These Chinese pioneers then became the “anchors” or “contacts” for bringing other Chinese to these parts of the country.  They eventually encouraged and assisted some of their male relatives, brothers, sons, cousins, fathers, and uncles to join them in working in their laundries, grocery stores, and restaurants. Thus, the answer to the question of how individual Chinese managed to move to remote areas is that they did not have to do it by their own means.  They had the essential help of other Chinese already in these areas brought there earlier by their labor contractors. After their labor contracts expired, these Chinese remained in these areas to start new lives.

 My father can serve as a speculative illustration of this argument. He did not know how to speak or read English when he immigrated in 1921 from China at age 20 as the paper son of a San Francisco merchant. After passing his interrogation at Angel Island to gain entry, he went directly to Chattanooga, Tennessee, where he apprenticed for 2-3 years in the laundry of a grand uncle before moving to Augusta, Georgia, where he worked for another grand uncle in his laundry for another 2-3 years. Had these relatives not been in the Deep South, it would have been very unlikely that he would have chosen to settle in those places.

A similar process may have operated when these two grand uncles came to the U.S. probably just before or after 1900. They probably headed to the South as my father did because they had relatives or friends who earlier, perhaps between 1870 and 1900, came to work in Chattanooga and Augusta. There is no proof but could it be that one had come to the area to work on the Alabama and Chattanooga Railroad and the other on the Augusta Canal?



"Chinaman Tires of White Wife"

Around the end of 1909, a Chinese laundryman in Meridian, Mississippi, Lum Jack,* married a young white girl even though mixed marriages between races was illegal.  Apparently, the officiant of the wedding did not realize Lum Jack was a "Chinaman," and when it was discovered, there was talk of a grand jury indictment. The young couple was determined to resist public opinion and the Mississippi law against mixed race marriages.

But before legal action was taken against them, the couple fled town and got remarried in Alabama, where Lum Jack opened another laundry. Interestingly, he kept the laundry in Meridian and returned every Saturday to attend to his customers.
A bit later, the couple moved to Birmingham, opening a laundry there, but matrimonial woes beset them leading to a fight for which they were arrested and each fined $5. The laundryman filed for an annulment of the marriage.

*His name was probably Jack Lum, but the white reporter reversed it.


19th Century Visions of the Yellow Peril

When one hears about the "Chinese Invasion" nowadays, it probably refers to affluent Chinese  from Taiwan and mainland China buying expensive homes in exclusive neighborhoods, often sight unseen and paid for in cash.

Over a century ago, a different form of Chinese invasion worried Americans.  Cheap Chinese labor was a real threat to jobs for the white working class.  In 1873, a book entitled "The Chinese Invasion" held that "a heathen Chinese despotism" was taking root in San Francisco over the past quarter century, and predicted 900,00 more heathens would make on their way to California.

In 1880, Pierton Dooner, a supporter of Dennis Kearny, the staunch leader of anti-Chinese campaigns, wrote "The Last Days of the Republic," a fictional account of a future dystopian society run by Chinese that would be a political, social, and military catastrophe.

In his introduction, Dooner predicted that 'legions' more Chinese would, if unchecked, come to the U.S. and displace competent and honest white men from work with their cheap labor. His thesis is strikingly similar today in the arguments for building a border wall against Mexican immigrants.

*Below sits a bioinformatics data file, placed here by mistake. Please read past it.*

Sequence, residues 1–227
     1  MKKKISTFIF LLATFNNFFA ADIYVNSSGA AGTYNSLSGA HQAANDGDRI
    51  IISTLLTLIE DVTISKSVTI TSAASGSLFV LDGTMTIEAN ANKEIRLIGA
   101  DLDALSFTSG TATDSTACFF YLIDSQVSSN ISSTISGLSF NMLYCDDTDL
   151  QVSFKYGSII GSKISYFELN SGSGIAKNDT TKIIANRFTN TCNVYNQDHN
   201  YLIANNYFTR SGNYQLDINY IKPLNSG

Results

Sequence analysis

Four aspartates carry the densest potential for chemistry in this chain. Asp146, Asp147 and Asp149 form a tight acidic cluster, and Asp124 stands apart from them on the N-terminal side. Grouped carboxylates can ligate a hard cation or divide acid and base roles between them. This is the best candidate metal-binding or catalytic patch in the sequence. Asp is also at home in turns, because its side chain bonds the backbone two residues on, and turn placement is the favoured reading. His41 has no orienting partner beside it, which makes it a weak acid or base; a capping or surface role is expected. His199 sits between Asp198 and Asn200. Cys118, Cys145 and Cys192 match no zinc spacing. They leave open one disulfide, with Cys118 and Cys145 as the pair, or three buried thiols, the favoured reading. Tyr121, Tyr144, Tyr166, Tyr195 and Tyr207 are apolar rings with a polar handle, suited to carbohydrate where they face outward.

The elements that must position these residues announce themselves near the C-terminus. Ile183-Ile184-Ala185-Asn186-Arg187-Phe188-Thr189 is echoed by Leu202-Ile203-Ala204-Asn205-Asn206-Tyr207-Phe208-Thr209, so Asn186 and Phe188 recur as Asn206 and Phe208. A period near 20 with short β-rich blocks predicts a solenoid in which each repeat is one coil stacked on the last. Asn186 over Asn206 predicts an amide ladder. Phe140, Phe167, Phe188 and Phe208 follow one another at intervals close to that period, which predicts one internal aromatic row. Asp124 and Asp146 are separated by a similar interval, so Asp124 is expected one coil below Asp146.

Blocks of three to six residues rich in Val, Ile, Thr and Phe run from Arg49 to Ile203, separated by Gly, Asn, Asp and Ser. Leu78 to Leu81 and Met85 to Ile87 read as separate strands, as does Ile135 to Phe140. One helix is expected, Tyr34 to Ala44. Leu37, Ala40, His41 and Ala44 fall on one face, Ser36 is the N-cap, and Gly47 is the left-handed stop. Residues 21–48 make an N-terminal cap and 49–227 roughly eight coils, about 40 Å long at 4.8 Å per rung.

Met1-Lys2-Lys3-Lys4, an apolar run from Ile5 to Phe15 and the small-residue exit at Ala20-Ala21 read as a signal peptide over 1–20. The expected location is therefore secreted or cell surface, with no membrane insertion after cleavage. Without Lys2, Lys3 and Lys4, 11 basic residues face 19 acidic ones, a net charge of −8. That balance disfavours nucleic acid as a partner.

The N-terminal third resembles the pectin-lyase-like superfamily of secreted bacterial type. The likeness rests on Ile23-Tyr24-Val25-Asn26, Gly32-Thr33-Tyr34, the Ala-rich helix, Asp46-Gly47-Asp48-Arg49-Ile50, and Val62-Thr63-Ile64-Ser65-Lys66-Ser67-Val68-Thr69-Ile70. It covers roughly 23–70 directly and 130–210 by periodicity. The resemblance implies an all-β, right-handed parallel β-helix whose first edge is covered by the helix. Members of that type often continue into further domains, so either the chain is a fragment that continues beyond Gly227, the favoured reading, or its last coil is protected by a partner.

In his book, San Francisco’s white workers try to massacre the Chinese but were thwarted by the capitalist militia, and the Chinese succeeded in a takeover of the U.S., as dramatized in his illustration, The Beginning of The End."

Fear and racial vilification were used in these fantasies to galvanize violence toward and restrictions of opportunities for Chinese in 19th century America. Despite such oppressive obstacles, Chinese resolve, persistence, and resourcefulness enabled them to achieve success and make major contributions to American society, although having to pay a steep price for decades of racial barriers.


Why Did Henry Ward Beecher Oppose Chinese Exclusion?

Henry Ward Beecher, one of the most famous men in America around the time of the Civil War, was a clergyman, noted orator, and social reformer who championed the abolition of slavery, advocated women's suffrage, and opposed the exclusion of Chinese immigrants.

In an interview in 1880, on the eve of the passage of the Chinese Exclusion Act in 1882, about his views of who was his preferred candidate for U.S. president, he was also asked about his views on the violence and mistreatment of Chinese in the west. While he was outspoken in deploring the efforts to drive Chinese out of California, his position was not entirely idealistic.  He considered the economic impact, arguing that California needed cheap labor and that driving the Chinese out would set the state back 100 years.

When the reporter pointed out that Chinese were moving to the east, Beecher welcomed this development, "...and let them come We want them."

Again, Beecher was not motivated by idealism, arguing that "we need some foreign element like the Chinese among us to do that labor of the more menial kind that we Americans are getting above doing.

Beecher again revealed his economic exploitation for opposing Chinese exclusion in his conclusion..."In the Chinese--a docile, intelligent, industrious class of people who mind their own business, and can live cheaper than the laboring class of Americans--we have just what is needed. What fools we would be to drive them away!"


Interracial Marriages IV. Children Viewed As "Half-Caste"

Mixed race marriages between Chinese and whites were regarded very negatively until well after the middle of the last century because of the strong prejudices against Chinese.

Of the few marriages of Chinese men to white women in the late 19th century in New York, most were to Irish women, exceeding those to Chinese women by a ratio of 8:5 partly because there were so few Chinese women in America.

Irish were considered white, but they at the low end of the socioeconomic ladder as were the Chinese. Whereas Chinese men had few opportunities to marry Chinese women, Irish women had many Irish men as potential husbands but some of them preferred marrying Chinese than Irish men.

As suggested in a cartoon in the British magazine, PUCK, Irish women could count on a Chinese husband (Ching-A-Ling) to be a good housekeeper who could do the laundry and entertain any children whereas if she married an Irish man, she would have to support a lazy husband.

Mixed Chinese-white children were seen as half-caste and looked down upon.